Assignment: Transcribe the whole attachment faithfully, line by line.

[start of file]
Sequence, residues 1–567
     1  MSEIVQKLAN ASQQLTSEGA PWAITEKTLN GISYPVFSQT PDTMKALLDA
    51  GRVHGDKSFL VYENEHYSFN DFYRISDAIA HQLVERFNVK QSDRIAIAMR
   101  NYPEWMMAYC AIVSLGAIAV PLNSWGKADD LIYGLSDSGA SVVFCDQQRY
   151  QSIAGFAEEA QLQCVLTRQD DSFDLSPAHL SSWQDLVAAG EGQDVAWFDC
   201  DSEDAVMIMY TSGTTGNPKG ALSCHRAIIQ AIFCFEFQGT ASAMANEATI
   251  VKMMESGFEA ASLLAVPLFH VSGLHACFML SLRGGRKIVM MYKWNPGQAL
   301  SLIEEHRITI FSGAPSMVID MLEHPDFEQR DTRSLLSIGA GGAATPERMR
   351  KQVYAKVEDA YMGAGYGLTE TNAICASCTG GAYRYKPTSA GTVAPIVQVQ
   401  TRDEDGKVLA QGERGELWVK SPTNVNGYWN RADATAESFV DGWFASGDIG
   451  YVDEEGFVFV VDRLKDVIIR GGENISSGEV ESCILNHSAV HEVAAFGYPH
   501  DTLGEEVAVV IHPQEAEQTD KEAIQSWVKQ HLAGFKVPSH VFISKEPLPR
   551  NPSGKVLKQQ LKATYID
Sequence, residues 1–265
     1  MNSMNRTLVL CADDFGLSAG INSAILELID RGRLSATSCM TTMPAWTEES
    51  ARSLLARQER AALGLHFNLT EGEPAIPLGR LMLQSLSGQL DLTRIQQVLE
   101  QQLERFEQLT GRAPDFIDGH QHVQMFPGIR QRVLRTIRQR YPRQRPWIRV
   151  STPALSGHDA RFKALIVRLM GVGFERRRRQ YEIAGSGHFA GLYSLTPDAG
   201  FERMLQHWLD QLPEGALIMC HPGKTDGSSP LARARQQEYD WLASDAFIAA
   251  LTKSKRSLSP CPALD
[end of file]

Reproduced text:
Sequence, residues 1–567
     1  MSEIVQKLAN ASQQLTSEGA PWAITEKTLN GISYPVFSQT PDTMKALLDA
    51  GRVHGDKSFL VYENEHYSFN DFYRISDAIA HQLVERFNVK QSDRIAIAMR
   101  NYPEWMMAYC AIVSLGAIAV PLNSWGKADD LIYGLSDSGA SVVFCDQQRY
   151  QSIAGFAEEA QLQCVLTRQD DSFDLSPAHL SSWQDLVAAG EGQDVAWFDC
   201  DSEDAVMIMY TSGTTGNPKG ALSCHRAIIQ AIFCFEFQGT ASAMANEATI
   251  VKMMESGFEA ASLLAVPLFH VSGLHACFML SLRGGRKIVM MYKWNPGQAL
   301  SLIEEHRITI FSGAPSMVID MLEHPDFEQR DTRSLLSIGA GGAATPERMR
   351  KQVYAKVEDA YMGAGYGLTE TNAICASCTG GAYRYKPTSA GTVAPIVQVQ
   401  TRDEDGKVLA QGERGELWVK SPTNVNGYWN RADATAESFV DGWFASGDIG
   451  YVDEEGFVFV VDRLKDVIIR GGENISSGEV ESCILNHSAV HEVAAFGYPH
   501  DTLGEEVAVV IHPQEAEQTD KEAIQSWVKQ HLAGFKVPSH VFISKEPLPR
   551  NPSGKVLKQQ LKATYID
Sequence, residues 1–265
     1  MNSMNRTLVL CADDFGLSAG INSAILELID RGRLSATSCM TTMPAWTEES
    51  ARSLLARQER AALGLHFNLT EGEPAIPLGR LMLQSLSGQL DLTRIQQVLE
   101  QQLERFEQLT GRAPDFIDGH QHVQMFPGIR QRVLRTIRQR YPRQRPWIRV
   151  STPALSGHDA RFKALIVRLM GVGFERRRRQ YEIAGSGHFA GLYSLTPDAG
   201  FERMLQHWLD QLPEGALIMC HPGKTDGSSP LARARQQEYD WLASDAFIAA
   251  LTKSKRSLSP CPALD